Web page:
THE wildness of the Scottish countryside can often be matched by the wildness of some of the tragic love stories captured by novelists who take a romantic view of our history.

One of the best examples of fiction, loosely based on fact, was created by occasional county visitor Sir Walter Scott who retold a childhood tale he learned from his mother in the classic, The Bride of Lammermoor.

His novel described the tale of a young noblewoman Lucy Ashton whose secret engagement to Edgar Ravenswood, the son of her father’s bitter rival, ends in tragedy when she is forced to marry a more suitable suitor and stabs him in their bedchamber on their wedding night.

The tale is said to have been based on stories about the Dalrymple family and Rutherford family, to whom Sir Walter’s mother Anne was a descendant.

It is said Janet Dalrymple. daughter of the 1st Viscount of Stair, secretly pledged to wed Archibald, third Lord Rutherford.

However a more pleasing suitor appeared for her parents, David Dunbar, and Janet’s mother intervened sending Archibald word that her daughter had changed her mind and insisting this more suited marriage would go ahead.

The marriage between Janet and Dunbar went ahead in August 1669 in the church of Old Luce, Wigtownshire.

But later, as the celebrations continued, guests were disturbed by screaming from the wedding bed chamber.

The doors were forced open to find Dunbar stabbed and bleeding and Janet cowering in a corner.

Legend has it that as Janet was forcibly removed from the room she looked at her new husband and declared, “Take up thy bonny bridegroom”.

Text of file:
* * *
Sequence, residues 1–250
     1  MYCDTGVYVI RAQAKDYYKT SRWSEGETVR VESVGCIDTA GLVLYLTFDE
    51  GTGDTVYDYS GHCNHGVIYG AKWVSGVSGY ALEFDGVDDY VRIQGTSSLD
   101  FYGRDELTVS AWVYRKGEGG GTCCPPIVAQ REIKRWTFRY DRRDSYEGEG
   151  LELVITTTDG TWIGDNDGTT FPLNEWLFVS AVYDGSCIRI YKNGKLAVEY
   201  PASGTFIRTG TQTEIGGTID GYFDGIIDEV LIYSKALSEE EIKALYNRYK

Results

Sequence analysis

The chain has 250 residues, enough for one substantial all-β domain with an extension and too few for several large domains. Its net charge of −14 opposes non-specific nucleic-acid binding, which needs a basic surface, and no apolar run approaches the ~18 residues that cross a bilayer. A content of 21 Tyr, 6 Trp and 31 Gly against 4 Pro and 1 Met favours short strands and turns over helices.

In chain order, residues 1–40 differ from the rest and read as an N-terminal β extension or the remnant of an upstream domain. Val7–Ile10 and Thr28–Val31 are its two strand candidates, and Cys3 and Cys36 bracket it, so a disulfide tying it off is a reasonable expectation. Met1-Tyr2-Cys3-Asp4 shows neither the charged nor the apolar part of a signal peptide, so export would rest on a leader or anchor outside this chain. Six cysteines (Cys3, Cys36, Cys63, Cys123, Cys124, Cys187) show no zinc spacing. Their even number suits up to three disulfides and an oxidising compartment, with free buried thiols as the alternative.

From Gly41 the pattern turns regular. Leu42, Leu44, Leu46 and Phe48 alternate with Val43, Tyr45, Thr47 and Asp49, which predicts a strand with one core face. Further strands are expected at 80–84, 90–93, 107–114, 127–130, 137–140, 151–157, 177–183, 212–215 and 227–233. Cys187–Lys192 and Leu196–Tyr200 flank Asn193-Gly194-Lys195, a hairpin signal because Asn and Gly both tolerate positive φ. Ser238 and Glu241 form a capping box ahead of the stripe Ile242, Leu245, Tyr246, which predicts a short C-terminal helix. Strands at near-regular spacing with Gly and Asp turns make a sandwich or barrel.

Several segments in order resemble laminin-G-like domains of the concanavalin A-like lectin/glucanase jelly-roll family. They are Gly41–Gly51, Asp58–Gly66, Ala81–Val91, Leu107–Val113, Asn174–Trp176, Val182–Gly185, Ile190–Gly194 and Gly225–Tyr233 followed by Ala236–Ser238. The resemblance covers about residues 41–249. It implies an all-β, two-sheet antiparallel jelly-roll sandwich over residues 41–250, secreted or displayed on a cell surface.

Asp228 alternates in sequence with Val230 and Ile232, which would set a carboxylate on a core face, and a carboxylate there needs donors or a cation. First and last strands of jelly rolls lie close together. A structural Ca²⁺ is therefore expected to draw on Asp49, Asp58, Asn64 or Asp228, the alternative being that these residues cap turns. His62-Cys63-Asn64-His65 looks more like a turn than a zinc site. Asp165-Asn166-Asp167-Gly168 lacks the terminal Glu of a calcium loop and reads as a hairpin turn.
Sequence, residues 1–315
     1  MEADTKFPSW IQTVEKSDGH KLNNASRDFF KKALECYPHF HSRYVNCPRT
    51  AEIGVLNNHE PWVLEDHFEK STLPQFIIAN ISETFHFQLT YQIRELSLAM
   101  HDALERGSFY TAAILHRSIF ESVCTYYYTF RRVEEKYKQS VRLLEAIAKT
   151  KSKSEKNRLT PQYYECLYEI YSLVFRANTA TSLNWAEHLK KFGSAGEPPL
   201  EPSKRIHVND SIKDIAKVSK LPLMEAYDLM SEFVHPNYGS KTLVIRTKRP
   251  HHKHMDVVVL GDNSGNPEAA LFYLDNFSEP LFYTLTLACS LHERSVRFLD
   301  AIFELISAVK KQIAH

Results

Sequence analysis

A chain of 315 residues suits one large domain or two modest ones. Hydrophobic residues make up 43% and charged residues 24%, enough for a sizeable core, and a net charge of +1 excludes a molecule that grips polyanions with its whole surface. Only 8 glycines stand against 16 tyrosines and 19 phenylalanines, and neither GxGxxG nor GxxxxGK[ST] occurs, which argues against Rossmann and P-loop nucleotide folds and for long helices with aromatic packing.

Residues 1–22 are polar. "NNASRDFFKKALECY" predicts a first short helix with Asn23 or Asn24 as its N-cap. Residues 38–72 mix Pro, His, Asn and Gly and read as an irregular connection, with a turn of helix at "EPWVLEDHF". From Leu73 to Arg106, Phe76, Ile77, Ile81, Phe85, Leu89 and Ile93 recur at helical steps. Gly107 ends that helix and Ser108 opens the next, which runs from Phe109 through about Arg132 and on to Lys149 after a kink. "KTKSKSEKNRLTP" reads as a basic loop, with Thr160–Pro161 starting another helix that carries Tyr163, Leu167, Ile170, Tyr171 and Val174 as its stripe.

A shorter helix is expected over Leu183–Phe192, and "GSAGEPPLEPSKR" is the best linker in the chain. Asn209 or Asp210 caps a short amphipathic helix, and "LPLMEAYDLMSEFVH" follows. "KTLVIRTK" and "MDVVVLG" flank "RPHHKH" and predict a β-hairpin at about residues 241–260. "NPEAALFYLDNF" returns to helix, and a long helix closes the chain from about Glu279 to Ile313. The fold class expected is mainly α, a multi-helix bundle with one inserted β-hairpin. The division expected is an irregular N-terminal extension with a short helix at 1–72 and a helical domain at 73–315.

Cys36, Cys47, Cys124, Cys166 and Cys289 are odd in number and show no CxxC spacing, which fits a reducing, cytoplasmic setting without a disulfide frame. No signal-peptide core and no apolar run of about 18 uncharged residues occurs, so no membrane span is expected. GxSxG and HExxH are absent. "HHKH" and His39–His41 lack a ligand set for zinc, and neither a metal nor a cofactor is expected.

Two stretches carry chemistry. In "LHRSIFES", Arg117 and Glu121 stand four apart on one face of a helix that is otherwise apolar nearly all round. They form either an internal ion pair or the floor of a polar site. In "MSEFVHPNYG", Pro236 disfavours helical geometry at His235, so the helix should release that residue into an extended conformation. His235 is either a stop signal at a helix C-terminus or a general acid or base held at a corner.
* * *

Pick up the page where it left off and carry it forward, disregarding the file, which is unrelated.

A few weeks after the wedding night tragedy, Janet, who had been declared insane, died without ever speaking of what happened in the chamber.

Her new husband survived the attack but also remained tight-lipped on the gory events.

It is not clear whether Janet attacked him or, as is often rumoured, Archibald had been laying in wait and carried out the assault before then fleeing from the room.

David Dunbar would go on to marry Lady Eleanor Montgomerie, daughter of the Earl of Eglinton, five years later but died in a riding accident in 1682.

Archibald died three years later without children.

Many of the scenes for the Bride of Lammermoor, including the fictional Wolff’s Crag, where the spurned lover was said to brood, have never been identified and their locations have led to wide speculation but it is generally accepted that the tale itself unfolds in East Lothian. It went on to form the basis of Donizetti’s 1835 opera Lucia di Lammermoor, which is still performed to this day as a drama of tragic proportions.